Over 200 years ago, ‘black holes’ remained an esoteric idea. Today, their existence has been confirmed experimentally, but the study of their origin and impact on their surroundings remain at the forefront of modern astronomy.
Unable to travel to black holes, astronomers instead use the information encoded in light produced close to the black hole as a probe of their physical properties. Visible light to which our human eyes are most sensitive has enriched culture for thousands of years. However, this represents only a small fraction of the total light available for collection; recent technological advances have allowed astronomers to harvest light from across the electromagnetic spectrum and - with the first detection of gravitational waves from merging black holes – probe the nature of space-time itself.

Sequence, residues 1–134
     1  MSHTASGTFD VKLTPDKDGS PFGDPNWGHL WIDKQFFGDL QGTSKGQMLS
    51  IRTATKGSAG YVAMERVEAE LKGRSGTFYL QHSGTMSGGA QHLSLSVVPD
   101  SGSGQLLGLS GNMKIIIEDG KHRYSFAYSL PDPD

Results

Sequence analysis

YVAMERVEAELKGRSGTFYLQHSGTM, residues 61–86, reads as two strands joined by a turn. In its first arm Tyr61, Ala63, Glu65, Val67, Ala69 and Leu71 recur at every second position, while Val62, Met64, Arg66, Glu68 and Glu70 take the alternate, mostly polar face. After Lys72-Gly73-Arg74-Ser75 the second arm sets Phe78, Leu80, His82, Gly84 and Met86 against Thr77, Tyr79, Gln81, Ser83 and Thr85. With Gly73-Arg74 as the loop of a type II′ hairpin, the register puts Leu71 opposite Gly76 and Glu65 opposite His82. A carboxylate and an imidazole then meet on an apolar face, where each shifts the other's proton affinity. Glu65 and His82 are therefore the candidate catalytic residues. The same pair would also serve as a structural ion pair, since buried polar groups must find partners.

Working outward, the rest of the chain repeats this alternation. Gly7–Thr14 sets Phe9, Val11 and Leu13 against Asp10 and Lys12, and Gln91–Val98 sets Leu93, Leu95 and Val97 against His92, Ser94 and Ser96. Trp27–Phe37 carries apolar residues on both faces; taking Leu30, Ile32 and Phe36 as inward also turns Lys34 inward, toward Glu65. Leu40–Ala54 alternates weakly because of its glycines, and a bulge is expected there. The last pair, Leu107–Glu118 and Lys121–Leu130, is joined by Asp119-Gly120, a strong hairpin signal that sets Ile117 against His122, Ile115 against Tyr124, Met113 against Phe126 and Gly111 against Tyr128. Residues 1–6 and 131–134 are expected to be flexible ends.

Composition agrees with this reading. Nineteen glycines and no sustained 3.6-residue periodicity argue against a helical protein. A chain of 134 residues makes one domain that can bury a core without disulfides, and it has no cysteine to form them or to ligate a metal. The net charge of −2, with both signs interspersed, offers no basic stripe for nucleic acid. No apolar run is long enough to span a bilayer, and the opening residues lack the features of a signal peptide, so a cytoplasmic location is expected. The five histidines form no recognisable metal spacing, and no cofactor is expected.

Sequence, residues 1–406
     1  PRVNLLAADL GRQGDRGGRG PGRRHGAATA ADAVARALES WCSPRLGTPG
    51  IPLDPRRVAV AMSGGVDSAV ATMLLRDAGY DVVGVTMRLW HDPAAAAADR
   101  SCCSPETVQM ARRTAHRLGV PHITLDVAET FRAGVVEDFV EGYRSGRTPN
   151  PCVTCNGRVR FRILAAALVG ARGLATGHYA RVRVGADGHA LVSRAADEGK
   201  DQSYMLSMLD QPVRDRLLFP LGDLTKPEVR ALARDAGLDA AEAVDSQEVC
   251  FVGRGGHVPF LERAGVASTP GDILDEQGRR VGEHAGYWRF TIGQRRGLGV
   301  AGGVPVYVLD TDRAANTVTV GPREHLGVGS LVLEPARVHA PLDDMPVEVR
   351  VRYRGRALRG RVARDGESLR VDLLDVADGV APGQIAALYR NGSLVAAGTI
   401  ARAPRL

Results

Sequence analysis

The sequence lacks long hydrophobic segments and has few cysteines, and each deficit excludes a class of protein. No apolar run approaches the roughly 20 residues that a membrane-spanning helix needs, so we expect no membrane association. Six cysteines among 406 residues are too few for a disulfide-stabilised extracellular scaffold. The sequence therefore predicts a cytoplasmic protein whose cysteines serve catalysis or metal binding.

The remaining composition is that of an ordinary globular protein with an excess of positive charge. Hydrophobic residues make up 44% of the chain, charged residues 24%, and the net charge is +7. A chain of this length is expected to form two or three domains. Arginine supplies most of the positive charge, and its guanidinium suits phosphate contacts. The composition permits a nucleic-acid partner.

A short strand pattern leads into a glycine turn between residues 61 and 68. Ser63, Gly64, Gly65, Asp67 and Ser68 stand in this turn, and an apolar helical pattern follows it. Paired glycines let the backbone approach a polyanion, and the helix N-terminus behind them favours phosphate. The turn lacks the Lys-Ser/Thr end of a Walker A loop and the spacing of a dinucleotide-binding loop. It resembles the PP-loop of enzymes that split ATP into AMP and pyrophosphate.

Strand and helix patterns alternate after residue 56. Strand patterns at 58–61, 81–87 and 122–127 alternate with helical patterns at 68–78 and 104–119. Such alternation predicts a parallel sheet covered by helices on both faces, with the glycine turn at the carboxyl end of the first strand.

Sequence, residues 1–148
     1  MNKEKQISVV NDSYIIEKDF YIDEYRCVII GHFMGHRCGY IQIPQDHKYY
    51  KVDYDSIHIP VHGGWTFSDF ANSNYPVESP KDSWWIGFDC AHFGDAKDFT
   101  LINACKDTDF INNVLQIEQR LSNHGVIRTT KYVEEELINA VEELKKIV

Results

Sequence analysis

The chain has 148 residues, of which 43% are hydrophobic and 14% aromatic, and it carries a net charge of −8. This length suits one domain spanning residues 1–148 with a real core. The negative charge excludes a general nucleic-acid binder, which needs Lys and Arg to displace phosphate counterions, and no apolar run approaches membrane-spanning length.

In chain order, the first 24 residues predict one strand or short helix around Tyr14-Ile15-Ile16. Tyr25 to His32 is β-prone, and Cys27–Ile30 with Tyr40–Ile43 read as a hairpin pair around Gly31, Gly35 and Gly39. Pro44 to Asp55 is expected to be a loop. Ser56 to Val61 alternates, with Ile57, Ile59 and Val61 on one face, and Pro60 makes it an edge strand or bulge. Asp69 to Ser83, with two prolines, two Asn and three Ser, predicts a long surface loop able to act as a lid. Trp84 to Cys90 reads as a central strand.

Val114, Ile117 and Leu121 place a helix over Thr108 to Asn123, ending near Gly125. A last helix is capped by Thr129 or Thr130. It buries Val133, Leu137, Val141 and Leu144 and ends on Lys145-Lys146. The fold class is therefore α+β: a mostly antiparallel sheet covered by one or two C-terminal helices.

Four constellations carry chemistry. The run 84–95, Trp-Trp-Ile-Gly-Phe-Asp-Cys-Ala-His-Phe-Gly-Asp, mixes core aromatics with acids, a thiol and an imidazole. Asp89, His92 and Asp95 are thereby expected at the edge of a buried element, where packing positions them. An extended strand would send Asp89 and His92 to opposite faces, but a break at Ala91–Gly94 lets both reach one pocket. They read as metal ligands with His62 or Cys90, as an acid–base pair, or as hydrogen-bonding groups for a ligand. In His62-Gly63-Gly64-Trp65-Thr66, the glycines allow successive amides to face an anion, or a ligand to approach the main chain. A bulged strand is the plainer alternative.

Carole Mundell is Professor of Extragalactic Astronomy and Head of Astrophysics at the University of Bath. She is also Head of the Department of Physics.
Following two years at the University of Maryland, Carole brought a Royal Society University Research Fellowship to Liverpool John Moores University where she built and led an international team specialising in catching the fast-fading light from gamma ray bursts - the most powerful explosions in the Universe.
She was appointed to a Professorship in 2007 and currently holds a Royal Society Wolfson Research Merit Award (2011-2016) for the study of black hole-driven explosions and the dynamic Universe.
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